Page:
Evictions

Phil Querin Q&A - Sex Offender Leaves and Then Returns

Question -   A tenant’s son has a conviction for sex abuse and is still on parole. He was living with his father in the community until neighbors found out about his conviction and began complaining about his presence because this is a family park with many children.  We informed the son’s father that he would have to leave due to his conviction.  He did leave but now he is doing odd jobs here in the park. He also comes into the park to visit his family.  We are getting resident complaints because people are still concerned for their children. Is there anything I can do as a manager to keep this man out of our community?

 

 

Phil Querin Q&A - Sex Offender Leaves and Then Returns

Question -   A tenant’s son has a conviction for sex abuse and is still on parole. He was living with his father in the community until neighbors found out about his conviction and began complaining about his presence because this is a family park with many children.  We informed the son’s father that he would have to leave due to his conviction.  He did leave but now he is doing odd jobs here in the park. He also comes into the park to visit his family.  We are getting resident complaints because people are still concerned for their children. Is there anything I can do as a manager to keep this man out of our community?

 

 

Phil Querin Q&A - A Potpourri of Topics - Tips and Traps

 

 

Pet Issues. 

 

There is almost no greater issue that can create problems for landlords, than whether tenants can retain a pet they have brought into the community.  How can owners and managers take control of the issue?

 

First, landlords should check their current rules and rental agreement. Although landlords who have previously permitted pets in the community, cannot retroactively prohibit them to tenants who already have pets living with them.  Nor can they retroactively prohibit a type of pet that had previously been permitted.  However, going forward, i.e. for new tenants, landlords should make sure that their rules place appropriate limitations on the size and type of pets that can be brought into the park.  Rules should be drafted broadly to prohibit pets, e.g. breeds of dogs, that  have a reputation for aggressiveness, or dogs of a particular size, or both.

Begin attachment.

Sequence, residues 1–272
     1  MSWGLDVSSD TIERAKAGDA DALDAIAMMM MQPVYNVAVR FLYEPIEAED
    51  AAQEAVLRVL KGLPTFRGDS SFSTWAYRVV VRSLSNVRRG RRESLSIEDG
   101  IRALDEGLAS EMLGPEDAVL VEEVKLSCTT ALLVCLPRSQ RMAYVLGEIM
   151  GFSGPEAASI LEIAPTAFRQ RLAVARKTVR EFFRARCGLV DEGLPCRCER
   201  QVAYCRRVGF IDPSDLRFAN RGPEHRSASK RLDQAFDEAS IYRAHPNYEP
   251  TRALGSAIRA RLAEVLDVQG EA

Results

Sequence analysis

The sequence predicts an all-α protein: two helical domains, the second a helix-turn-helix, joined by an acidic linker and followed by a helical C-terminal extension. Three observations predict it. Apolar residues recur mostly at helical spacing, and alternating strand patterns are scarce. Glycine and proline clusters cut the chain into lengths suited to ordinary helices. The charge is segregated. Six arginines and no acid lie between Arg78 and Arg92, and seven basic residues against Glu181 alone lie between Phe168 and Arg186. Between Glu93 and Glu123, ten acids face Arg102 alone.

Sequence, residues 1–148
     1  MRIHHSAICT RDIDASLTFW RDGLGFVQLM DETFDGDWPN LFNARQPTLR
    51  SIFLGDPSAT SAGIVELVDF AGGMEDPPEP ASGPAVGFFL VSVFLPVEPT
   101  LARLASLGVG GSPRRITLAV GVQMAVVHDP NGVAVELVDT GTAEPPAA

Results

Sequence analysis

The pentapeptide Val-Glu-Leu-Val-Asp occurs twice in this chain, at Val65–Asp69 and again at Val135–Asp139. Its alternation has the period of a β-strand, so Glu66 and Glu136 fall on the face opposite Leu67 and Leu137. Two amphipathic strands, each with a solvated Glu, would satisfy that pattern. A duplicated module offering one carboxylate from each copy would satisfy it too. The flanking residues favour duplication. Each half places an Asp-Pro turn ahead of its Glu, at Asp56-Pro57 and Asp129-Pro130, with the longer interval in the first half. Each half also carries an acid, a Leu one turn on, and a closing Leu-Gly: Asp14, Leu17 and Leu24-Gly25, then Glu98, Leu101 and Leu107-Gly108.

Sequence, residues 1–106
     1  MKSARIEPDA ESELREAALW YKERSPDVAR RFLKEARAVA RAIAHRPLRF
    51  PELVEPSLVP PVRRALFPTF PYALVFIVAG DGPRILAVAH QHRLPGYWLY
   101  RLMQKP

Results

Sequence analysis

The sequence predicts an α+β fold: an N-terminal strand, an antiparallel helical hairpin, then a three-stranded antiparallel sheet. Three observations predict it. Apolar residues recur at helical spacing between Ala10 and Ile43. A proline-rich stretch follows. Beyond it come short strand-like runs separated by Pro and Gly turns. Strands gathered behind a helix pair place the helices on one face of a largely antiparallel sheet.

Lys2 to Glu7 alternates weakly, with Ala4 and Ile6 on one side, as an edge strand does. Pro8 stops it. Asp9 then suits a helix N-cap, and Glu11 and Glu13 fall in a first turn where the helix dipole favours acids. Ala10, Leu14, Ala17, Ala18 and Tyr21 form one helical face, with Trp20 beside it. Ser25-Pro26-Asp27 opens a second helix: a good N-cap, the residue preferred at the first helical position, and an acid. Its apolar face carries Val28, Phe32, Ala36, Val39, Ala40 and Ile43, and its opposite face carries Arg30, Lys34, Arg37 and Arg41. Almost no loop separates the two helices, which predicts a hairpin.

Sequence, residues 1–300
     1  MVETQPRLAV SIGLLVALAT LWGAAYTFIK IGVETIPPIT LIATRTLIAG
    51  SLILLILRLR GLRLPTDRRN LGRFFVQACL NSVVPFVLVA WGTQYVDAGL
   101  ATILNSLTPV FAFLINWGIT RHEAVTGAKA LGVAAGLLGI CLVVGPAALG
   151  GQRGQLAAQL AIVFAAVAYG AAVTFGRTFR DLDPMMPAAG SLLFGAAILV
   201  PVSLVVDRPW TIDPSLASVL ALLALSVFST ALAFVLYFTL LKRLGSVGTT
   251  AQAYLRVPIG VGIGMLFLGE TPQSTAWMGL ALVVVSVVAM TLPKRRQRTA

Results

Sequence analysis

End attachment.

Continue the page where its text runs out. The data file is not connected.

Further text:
Secondly, consistency is important.  That is, landlords should be careful not to make exceptions or ignore violations of the pet rules.  Otherwise, the landlord will be accused of either being arbitrary or “playing favorites.”  Selective prosecution of tenants for violation of the pet rules does not play well with judges and juries. 

 

Lastly, in all cases, landlords should make sure that their tenants sign pet agreements for their animals.  Oregon law expressly permits this.  The MHCO agreement follows the statutory guidelines and assures that the tenant has liability insurance coverage.  It also permits landlords to  assess fines for violations of the rules. 

 

 

Mark Busch Q&A - What’s The Quickest Way to Get a Tenant Out of My RV Park?

 

Question:  I own a decent-sized RV park with quite a few long-term tenants living there, but with also a few seasonal guests and overnighters.  I have one tenant in particular who is constantly abrasive towards other tenants and guests (for example, walking thru the park and telling people that they need to fix their awnings, stack their firewood in a certain way, etc.).  He has no qualms about interjecting himself in other people’s conversations even when his input is clearly unwanted.  I have already lost several tenants and others have complained.  Before this person ruins my good park, how can I get rid of him quickly?

 

Phil Querin Q&A: When Resident’s Bad Behavior Continues Within 30-day Notice Period

 

Question.  Our manager gave a 30-day notice to a resident for continued bad behavior (e.g. disturbing the peaceful enjoyment of other residents). After the 30-day notice was served the bad behavior continued.  Does the manager have to wait the full 30 days before going to court and filing the eviction?